Pushing back the Horizon

So lately I’ve been thinking about a ‘fact’ I was told as a child: on a clear day you can see as far as Wales from the top of Mt. Lienster.


Being young and fascinated I was always a little awestruck at the notion I could see all the way across the sea and into another country, but it was never clear enough when I was up there.

So fast forward to last Friday when I went to Inis Mór with the family. We were on the boat trying to spot the coast through the overcast and misty day. My younger brother was reading the leaflets handed out by the tourist information guys and informed me that Dún Aengus is a fort built on the side of a 100 meter high cliff face. My number senses began tingling. How far could you see from there? Could you see the mainland, the other islands, boats how far out at see?

I had 40 mins to kill and so the 3G went on and I began googling. Wikipedia politely informed me you can use the Pythagoras theorem to estimate, based on assumption of a spherical earth and no atmospheric refraction or occlusion. Distance to the Horizon in km = 3.57 by square root of the vision height.

I whipped out the mobile office excel app and banged in the numbers for 1 to 100 meters and bobs your mother’s brother. 35 km.



Distance from Dún Aengus to mainland is 12 km, so on a clear day you’d be likely to see exactly what your enemy clan on the mainland were plotting.



View from Dún Aengus on a clear day looking northeast towards the mainland of galway, Ireland. Clearly visible are the coast and other landmasses in the ocean.

So back to Co Wexford and normality today and sitting out having a beer and a barbecue I remembered my question. Could you actually see to Wales?

Using the same formula as before and data from wikipedia we get a best case distance of 128.93 km.

Daft Logic says the closest point of land in the mainland UK from Mount lienster is indeed Wales, a little island called Ramsay island near the town of St. David’s off the coast of Pembrokeshire Coast national park a distance of 123.75 km.


The closest point of land in Wales from Mount Lienster is off the coast of Pembrokeshire.

That’s just inside our calculated visible distance. Amazingly enough, it turns out to just be on the limit of plausibility.
Score one for science and maths I guess!

Edit: since posting this I did a little more digging around and found two very interesting images.


This map shows signal strength from the transmitter atop Mount Lienster. We can see it is strongest in areas closest to the transmitter, with “shadows” cast behind the hills, and weakening as the distance becomes greater from the source. Notably, the signal reaches well into Wales.



Mt. Snowden in Wales is at a distance of 189 km and an elevation of 1,085 m, making it an excellent point on the horizon to search for, right about 72.5 degrees East of North.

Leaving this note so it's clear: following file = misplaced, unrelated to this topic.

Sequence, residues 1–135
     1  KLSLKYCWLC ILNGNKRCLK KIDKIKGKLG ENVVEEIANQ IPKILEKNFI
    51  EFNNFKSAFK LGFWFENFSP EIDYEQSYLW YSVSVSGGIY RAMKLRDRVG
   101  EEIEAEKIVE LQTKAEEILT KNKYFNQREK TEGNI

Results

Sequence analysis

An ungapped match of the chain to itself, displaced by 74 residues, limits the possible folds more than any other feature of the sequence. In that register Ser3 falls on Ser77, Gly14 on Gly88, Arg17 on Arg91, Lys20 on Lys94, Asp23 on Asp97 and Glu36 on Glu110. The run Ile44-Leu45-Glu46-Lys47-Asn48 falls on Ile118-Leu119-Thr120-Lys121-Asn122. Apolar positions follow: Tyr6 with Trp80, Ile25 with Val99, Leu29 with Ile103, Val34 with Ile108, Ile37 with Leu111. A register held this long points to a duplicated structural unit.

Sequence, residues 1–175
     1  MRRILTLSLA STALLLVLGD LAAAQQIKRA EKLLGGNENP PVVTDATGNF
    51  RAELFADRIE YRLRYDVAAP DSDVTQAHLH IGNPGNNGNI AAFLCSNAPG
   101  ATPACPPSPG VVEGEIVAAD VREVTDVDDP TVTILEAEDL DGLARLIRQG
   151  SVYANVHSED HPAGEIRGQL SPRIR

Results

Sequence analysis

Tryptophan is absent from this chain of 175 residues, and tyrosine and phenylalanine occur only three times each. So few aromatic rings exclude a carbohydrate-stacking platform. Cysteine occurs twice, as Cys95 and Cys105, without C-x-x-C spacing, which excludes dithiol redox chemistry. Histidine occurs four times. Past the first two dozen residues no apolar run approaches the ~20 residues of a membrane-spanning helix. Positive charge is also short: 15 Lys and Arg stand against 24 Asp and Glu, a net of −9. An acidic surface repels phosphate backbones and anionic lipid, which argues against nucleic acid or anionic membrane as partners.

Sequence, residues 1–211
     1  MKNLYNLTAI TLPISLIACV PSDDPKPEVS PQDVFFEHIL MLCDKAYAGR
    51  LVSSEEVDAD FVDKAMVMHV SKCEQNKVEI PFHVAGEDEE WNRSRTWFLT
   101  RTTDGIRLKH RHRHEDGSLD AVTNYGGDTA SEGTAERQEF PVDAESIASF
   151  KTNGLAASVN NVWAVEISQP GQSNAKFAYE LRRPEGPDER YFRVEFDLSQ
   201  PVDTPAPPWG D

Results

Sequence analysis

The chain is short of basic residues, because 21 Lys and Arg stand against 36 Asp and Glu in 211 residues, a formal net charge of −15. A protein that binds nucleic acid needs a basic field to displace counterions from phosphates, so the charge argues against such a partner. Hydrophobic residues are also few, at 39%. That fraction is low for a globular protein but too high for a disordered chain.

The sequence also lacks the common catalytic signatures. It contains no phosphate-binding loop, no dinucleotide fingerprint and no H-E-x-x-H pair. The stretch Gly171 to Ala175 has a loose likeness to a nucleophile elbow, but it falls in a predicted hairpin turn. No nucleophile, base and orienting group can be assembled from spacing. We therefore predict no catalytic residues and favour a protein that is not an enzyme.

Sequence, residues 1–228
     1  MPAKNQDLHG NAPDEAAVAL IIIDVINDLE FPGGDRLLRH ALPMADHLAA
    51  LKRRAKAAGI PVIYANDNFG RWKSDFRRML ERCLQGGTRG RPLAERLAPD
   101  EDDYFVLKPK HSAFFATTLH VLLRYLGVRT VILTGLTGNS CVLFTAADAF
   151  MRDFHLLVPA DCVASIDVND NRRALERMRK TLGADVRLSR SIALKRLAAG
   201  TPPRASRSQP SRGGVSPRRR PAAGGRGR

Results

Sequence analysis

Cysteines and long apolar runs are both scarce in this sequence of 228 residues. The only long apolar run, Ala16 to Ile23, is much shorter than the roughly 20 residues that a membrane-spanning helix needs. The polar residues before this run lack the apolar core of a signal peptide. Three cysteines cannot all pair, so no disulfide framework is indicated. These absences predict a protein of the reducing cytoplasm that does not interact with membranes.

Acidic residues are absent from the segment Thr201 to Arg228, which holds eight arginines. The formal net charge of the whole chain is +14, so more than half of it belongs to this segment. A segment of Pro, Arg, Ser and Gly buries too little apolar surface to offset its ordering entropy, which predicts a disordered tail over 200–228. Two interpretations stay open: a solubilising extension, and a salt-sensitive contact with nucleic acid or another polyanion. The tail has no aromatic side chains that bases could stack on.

OK, so I’m watching Prometheus.

I’m watching Prometheus having a few casual perlenbachers (thanks lidl) and the geologist guy just heard there was a life ‘ping’ one click west of them.
Just so we are on the same page, the movie is set on a moon of a planet about two years travel distance away from earth in 2089.
The geologist reacted badly to hearing about this potential life source (I like rocks, that’s all I like) and said ‘let’s go east’, to avoid the unknown danger of the unknown.
Then you thought. East. East as in on a map, with north at the top you move towards the right of the page.
But how the hell did these people agree on what east was on this new moon planet?
On earth north is at the top of (most) maps, and we decided this based on the fact that the sun moves across the sky east to west, so we’d better keep one of the other two fairly constant. It doesn’t hurt that we developed the compass (thank you ferro-magnetic earth core) to help abstractly identify north.
But on this new planet moon, how do they assign west? What if they were upside down when arriving, and left is actually east? What if they have a rotation that isn’t effectively coplanar with the orbit of their sun? What if they can’t agree upon which way is left?

Which makes me think, how did we decide to draw maps ‘facing’ up? If I got my map of Ireland, or limerick ( both of which I took off my wall yesterday whilst moving out of my student accommodation) and turned it upsidedown would it not still show me how to get to the crescent shopping centre? The shape hasn’t changed, only my reference system to it.
Or how about the map of San Diego I am about to form in my mind this coming summer? What if I wanted to ‘learn’ it upsidedown, with a west rising sun, and a south facing map? I could do it, I just couldn’t refer to any other maps written in ‘north’.